“My ministry is committed to continuing to provide responsive support to families and children with support needs. As a powerful reminder of our commitment to stand beside those affected by FASD and raise awareness for FASD Prevention and Support Day, B.C.’s Parliament Buildings were lit with red on Sept. 1.
“As we journey through FASD month and mark FASD day, let us remember that FASD affects each one of us. FASD is not just a medical term, it is a journey that uniquely affects each individual, shaping their world in complex ways.
“As minister of children and family development, I am committed to ensuring every child and family has access to the supports they need to live a full, happy and healthy life. We will continue taking action to increase access to underserved children and youth with support needs alongside our efforts to spread awareness, share knowledge and support those whose lives are touched by FASD.”
This is on BC Govt website go to the link here
Govt of Canada statement
Message from the Minister of Health and the Minister of Mental Health and Addictions and Associate Minister of Health – Fetal Alcohol Spectrum Disorder (FASD) Awareness Day
September 9, 2023 | Ottawa, Ontario | Health Canada
Each year we mark Fetal Alcohol Spectrum Disorder (FASD) Awareness Day and FASD Awareness Month to raise awareness about the risks of drinking alcohol during pregnancy, highlight prevention and support efforts, and encourage individuals to learn more about FASD and its impacts.
The theme for this year’s FASD Awareness Month is Uniting Our Strengths: Finding Solutions Together. The impacts of FASD are far reaching in all parts of our communities and collaboration is important as we seek adapted solutions.
FASD is a lifelong disorder caused by prenatal alcohol exposure that can affect both brain and body development. It is the leading cause of preventable developmental disabilities in Canada. The only way to fully prevent FASD is to avoid drinking alcohol, in any amount and at any point during and when planning a pregnancy. While there is no cure, services and supports play an important role in managing FASD.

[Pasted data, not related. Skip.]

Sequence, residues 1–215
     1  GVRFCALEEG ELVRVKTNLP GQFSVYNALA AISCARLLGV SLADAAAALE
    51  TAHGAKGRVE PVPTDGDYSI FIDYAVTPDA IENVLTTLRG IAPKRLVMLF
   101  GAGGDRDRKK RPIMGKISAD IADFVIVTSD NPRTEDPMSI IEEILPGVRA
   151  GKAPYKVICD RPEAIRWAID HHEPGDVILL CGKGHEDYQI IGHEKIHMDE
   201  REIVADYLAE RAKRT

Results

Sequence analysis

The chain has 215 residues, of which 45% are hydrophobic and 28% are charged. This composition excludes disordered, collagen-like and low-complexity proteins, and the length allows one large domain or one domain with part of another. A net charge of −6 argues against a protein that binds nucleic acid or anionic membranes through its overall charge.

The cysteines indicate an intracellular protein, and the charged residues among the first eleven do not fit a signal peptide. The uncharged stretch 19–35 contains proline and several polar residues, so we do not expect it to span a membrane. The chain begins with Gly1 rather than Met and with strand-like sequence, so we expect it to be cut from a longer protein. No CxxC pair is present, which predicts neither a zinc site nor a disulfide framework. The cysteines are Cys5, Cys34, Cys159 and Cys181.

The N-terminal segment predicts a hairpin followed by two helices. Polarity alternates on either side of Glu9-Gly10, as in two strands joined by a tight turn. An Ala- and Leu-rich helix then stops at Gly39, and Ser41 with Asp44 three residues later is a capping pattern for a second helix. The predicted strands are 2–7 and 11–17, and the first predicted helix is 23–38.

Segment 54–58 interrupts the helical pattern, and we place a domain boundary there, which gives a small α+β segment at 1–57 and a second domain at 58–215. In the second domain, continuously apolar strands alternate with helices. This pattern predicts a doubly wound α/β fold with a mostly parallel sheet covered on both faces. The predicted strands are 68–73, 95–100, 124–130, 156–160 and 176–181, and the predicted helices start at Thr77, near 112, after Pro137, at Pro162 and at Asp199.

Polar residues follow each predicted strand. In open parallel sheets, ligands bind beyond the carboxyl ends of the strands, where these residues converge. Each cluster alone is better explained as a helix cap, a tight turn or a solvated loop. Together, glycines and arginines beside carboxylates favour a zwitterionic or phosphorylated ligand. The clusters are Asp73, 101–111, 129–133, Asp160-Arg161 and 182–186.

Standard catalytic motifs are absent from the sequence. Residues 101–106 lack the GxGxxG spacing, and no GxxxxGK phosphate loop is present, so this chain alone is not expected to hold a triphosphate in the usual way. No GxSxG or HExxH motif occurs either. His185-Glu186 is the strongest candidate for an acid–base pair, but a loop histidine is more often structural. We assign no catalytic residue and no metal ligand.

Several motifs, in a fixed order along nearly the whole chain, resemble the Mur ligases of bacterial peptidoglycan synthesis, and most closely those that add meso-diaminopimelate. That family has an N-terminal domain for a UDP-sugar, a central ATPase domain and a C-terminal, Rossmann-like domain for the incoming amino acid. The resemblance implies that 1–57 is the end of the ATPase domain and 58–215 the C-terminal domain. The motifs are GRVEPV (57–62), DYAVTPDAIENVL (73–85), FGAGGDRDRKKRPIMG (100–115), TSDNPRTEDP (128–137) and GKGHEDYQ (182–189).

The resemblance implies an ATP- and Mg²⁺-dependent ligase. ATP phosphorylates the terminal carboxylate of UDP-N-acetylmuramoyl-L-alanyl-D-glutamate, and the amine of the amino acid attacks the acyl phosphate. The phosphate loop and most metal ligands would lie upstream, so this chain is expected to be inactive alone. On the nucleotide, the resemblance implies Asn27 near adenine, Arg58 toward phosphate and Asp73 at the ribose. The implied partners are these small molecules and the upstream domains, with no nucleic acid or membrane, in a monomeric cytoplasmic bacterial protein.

Individuals with FASD can face many mental health challenges, which can include anxiety disorders, attention deficit hyperactivity disorder, as well as difficulties with substance use, among others. Early and appropriate support can improve mental health outcomes for people with FASD, enhance their quality of life, and allow them to reach their full potential.
Supporting Canadians with FASD, their families and their caregivers is essential. We are working with partners to advance action on FASD awareness and prevention, including through the FASD National Strategic Projects Fund (NSPF), which provides $1.5 million annually to national projects focussed on prevention, education and knowledge exchange.
Unfortunately, FASD is not always well understood by the wider community. That’s why raising awareness is key. This FASD Month, you can support those living with FASD by learning more about the disorder. We encourage you to use the hashtag #FASDMonth2023 to raise awareness and share inspiring stories about FASD in your community.
If you or someone you know is pregnant or planning a pregnancy, you can support them by going alcohol-free with them, encouraging them not to drink alcohol, and planning non-alcoholic activities.
The Honourable Mark Holland, P.C., M.P.
The Honourable Ya’ara Saks, P.C., M.P.
Director of Communications
Office of the Honourable Mark Holland
Minister of Health
Press Secretary and Senior Communications Advisor
Office of the Honourable Ya’ara Saks
Minister of Mental Health and Addictions and Associate Minister of Health
This is on Govt of Canada Website go to the link here